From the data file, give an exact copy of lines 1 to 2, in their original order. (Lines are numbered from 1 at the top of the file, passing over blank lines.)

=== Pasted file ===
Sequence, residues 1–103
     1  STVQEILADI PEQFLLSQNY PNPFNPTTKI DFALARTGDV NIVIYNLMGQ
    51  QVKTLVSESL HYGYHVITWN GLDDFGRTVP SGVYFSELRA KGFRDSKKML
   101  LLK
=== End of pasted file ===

Sequence, residues 1–103
     1  STVQEILADI PEQFLLSQNY PNPFNPTTKI DFALARTGDV NIVIYNLMGQ